If Convers was late for the scheduled stop, he was deducted a penalty of one dollar for each hour's delay. This penalty would stand firm unless substantial proof was offered and the delay was confirmed unavoidable.
This contract began November 1, 1798, and continued until September 13, 1800. This is said to have been the first regular mail between Marietta and Zanesville, as well as the first regular mail route in the lands of the Ohio country.
Found in Scott's History of Highland County was a segment containing information on the first post office in "Chelicotha." It says:
"In the spring of 1799, Henry Massie, deeming it important both for milling and other purposes, made a pack-horse trace from New Market to the settlement at the falls from which there was already a trace down to Chillicothe, since he deemed it important to connect with the settlement at the falls of Paint Creek and Chillicothe. A log hotel kept by Wishart became the post office with Wishart as post master and a weekly packmail line established between Chillicothe and Cincinnati."
Land service of the mails was likewise progressing. The first mail delivered between Chillicothe and Franklinton (now a part of Columbus) was by Andrew (Andy) McElvaine. He, as a boy, emigrated with his father from Kentucky in the year 1797. He was only thirteen years of age when Adam Hosack, who was the contractor and postmaster, employed him as a mail messenger. The year was 1805.
The route operated weekly on the west side of the Scioto. McElvaine left Franklinton on Friday, stayed overnight at Markley's mill on Darby Creek, reached Chillicothe the next day, and thence returned to Darby Creek. Sunday night he again reached Franklinton.
At the beginning there was no post office route established between the two towns, but during the first winter, there was one established at Westfall, and another at Markley's Mill.
Such a trip for a young man of thirteen, through a wilderness filled with wild beasts, a constant threat from the Indians, all this in the name of "carrying the mail."
An article appeared in the Lebanon Western Star depicting the area mail carriers. It read:
"Until stage lines were established mails were carried overland by post-riders, boys being preferred to men, on account of their lighter weight on the horse. In 1817, Abner L. Ross, Sr., who was born in Lebanon in 1804, as a boy of thirteen, began carrying the U.S. mail from Oxford via Hamilton, Blue Ball, Red Lion, Green Tree, Lebanon, Hopkinsville, Goshen and Batavia to Georgetown, near the Ohio River.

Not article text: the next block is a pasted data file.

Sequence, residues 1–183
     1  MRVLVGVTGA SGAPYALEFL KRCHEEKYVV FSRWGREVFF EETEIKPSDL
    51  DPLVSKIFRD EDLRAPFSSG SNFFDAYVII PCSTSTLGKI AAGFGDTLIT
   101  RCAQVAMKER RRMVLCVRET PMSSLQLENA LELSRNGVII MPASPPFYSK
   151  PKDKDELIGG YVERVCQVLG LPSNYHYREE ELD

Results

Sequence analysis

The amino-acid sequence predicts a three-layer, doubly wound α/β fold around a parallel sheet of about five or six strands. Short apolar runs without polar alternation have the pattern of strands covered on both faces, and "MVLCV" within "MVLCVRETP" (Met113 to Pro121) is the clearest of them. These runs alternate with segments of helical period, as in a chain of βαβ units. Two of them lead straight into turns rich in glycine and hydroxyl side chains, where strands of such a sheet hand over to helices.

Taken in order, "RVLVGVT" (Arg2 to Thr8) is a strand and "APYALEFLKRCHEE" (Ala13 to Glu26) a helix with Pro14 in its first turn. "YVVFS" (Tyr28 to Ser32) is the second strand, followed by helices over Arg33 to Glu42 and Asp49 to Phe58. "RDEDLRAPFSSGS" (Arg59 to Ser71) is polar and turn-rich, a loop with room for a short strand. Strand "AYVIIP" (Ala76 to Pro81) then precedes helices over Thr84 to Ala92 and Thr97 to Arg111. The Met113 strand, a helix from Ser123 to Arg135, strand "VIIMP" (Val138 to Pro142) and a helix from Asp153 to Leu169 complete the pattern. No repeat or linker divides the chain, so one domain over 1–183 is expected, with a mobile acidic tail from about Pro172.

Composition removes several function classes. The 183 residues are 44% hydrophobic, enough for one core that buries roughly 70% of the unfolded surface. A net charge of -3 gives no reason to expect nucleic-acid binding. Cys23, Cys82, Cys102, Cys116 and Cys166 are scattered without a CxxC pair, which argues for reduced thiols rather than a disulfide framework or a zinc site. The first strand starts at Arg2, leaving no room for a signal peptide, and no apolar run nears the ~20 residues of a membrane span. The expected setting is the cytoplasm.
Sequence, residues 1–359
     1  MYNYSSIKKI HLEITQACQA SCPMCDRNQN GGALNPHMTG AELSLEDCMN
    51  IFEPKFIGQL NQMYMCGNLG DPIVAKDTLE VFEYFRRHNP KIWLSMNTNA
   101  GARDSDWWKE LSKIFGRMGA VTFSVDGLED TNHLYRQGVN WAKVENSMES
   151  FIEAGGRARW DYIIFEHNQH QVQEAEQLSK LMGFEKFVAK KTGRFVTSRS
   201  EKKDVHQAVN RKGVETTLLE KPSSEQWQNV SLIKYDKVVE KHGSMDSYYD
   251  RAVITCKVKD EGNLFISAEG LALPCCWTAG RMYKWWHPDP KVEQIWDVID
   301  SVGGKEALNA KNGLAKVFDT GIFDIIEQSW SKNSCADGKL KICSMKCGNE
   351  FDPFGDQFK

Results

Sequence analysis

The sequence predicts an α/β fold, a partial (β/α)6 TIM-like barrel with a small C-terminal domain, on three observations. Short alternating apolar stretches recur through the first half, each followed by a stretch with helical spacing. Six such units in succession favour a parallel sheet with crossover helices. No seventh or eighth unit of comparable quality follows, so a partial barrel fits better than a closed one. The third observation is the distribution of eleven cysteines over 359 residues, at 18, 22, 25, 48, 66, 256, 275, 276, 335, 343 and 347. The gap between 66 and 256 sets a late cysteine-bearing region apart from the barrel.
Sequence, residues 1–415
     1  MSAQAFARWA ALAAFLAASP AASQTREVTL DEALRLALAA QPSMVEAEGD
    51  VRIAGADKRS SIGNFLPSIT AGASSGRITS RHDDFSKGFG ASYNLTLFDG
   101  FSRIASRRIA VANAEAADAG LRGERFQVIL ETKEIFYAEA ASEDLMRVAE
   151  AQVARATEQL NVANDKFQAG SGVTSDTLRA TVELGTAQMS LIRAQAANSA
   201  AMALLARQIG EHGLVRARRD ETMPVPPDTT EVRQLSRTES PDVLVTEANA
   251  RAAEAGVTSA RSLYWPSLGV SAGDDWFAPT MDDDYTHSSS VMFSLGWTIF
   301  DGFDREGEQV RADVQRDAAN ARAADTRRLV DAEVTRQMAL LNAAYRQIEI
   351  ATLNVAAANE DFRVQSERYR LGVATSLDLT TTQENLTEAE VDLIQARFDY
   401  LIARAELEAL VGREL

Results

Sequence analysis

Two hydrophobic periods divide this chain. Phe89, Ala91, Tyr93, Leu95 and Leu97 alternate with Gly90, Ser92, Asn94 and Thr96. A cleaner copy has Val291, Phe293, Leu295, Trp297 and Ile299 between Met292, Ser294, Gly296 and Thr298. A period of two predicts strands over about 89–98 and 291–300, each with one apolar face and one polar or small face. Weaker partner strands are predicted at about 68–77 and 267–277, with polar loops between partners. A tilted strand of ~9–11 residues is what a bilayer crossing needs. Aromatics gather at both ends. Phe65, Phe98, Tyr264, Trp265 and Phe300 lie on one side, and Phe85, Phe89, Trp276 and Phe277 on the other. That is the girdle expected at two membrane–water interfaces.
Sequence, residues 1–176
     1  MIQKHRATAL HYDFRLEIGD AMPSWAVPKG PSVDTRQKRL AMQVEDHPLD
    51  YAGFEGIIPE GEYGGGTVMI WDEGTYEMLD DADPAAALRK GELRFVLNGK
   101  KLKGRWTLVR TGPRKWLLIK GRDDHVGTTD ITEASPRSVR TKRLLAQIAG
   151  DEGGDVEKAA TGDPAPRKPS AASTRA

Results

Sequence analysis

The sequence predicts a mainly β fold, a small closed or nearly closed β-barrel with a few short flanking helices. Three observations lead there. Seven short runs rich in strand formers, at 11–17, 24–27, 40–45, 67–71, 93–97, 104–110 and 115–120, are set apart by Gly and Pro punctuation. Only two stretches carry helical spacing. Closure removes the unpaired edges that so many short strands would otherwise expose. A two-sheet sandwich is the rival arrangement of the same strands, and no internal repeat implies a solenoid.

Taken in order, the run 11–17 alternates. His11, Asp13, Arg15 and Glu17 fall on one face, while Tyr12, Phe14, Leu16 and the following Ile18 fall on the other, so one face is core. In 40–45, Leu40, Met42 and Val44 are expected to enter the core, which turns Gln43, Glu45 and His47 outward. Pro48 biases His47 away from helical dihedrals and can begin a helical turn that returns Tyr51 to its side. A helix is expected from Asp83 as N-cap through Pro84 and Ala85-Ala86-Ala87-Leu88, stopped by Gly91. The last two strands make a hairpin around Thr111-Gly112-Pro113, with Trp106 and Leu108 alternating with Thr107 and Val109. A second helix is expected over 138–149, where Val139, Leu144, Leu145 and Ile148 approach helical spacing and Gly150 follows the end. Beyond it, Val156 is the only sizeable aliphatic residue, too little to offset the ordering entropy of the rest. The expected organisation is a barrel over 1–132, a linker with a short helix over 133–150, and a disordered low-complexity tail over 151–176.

"Before he was twenty he became a contractor in mail carrying himself, and soon his contracts extended over several hundred miles of mail and stage lines.
"In 1835, James S. Totten, who afterward became prominent in Warren County politics, was a poor boy living with his grandfather, Gen. David Sutton at Deerfield [now South Lebanon]. His grandfather died in that year and left him in destitute circumstances. Young Totten, then fourteen, became a mail carrier in the employ of Mr. Ross, and made weekly trips on horseback from Lebanon to Eaton, and from Lebanon to Felicity, receiving $8 per month for his services."
Mail carriers were in great personal danger during the War of 1812. The post-rider still had a great personal fear of the hostile Indians. The mailbag was always in danger of being stolen. A military escort was sometimes necessary during the early stages of the conflict. A man named Munger was possibly the first known post-rider in Lower Sandusky, his route traversing to Fort Meigs.
One recorded incident while on one of his trips was that a party of Indians just a mile from the fort attacked him. He escaped with but slight wounds, leaving the mailbag and his horse to the Indians. After the robbery of Munger, it was difficult to get anyone to travel the route to the fort.
Another recorded incident found Munger traveling toward Fort Stephenson. The thick woods and swamp sheltered him while he traveled for four days. Being extremely late, he was presumed dead or taken captive. But on the fifth day he made his appearance at Lower Sandusky, having wandered as far north as Port Clinton on the lake shore.